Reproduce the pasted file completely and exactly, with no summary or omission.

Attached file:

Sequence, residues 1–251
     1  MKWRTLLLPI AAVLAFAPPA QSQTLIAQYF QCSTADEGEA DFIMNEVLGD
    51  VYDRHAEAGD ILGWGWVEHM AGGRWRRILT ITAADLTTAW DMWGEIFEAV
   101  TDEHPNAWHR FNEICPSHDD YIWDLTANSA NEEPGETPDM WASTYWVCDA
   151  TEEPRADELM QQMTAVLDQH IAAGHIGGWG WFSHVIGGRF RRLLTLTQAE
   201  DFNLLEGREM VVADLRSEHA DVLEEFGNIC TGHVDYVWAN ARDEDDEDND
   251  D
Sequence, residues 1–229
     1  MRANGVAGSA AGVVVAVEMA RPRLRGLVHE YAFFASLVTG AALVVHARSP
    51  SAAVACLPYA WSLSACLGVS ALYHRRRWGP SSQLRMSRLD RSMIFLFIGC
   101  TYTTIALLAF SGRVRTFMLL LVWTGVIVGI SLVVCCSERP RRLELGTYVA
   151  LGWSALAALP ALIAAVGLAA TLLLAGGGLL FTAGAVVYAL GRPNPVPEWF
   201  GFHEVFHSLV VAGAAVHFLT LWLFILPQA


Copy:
Sequence, residues 1–251
     1  MKWRTLLLPI AAVLAFAPPA QSQTLIAQYF QCSTADEGEA DFIMNEVLGD
    51  VYDRHAEAGD ILGWGWVEHM AGGRWRRILT ITAADLTTAW DMWGEIFEAV
   101  TDEHPNAWHR FNEICPSHDD YIWDLTANSA NEEPGETPDM WASTYWVCDA
   151  TEEPRADELM QQMTAVLDQH IAAGHIGGWG WFSHVIGGRF RRLLTLTQAE
   201  DFNLLEGREM VVADLRSEHA DVLEEFGNIC TGHVDYVWAN ARDEDDEDND
   251  D
Sequence, residues 1–229
     1  MRANGVAGSA AGVVVAVEMA RPRLRGLVHE YAFFASLVTG AALVVHARSP
    51  SAAVACLPYA WSLSACLGVS ALYHRRRWGP SSQLRMSRLD RSMIFLFIGC
   101  TYTTIALLAF SGRVRTFMLL LVWTGVIVGI SLVVCCSERP RRLELGTYVA
   151  LGWSALAALP ALIAAVGLAA TLLLAGGGLL FTAGAVVYAL GRPNPVPEWF
   201  GFHEVFHSLV VAGAAVHFLT LWLFILPQA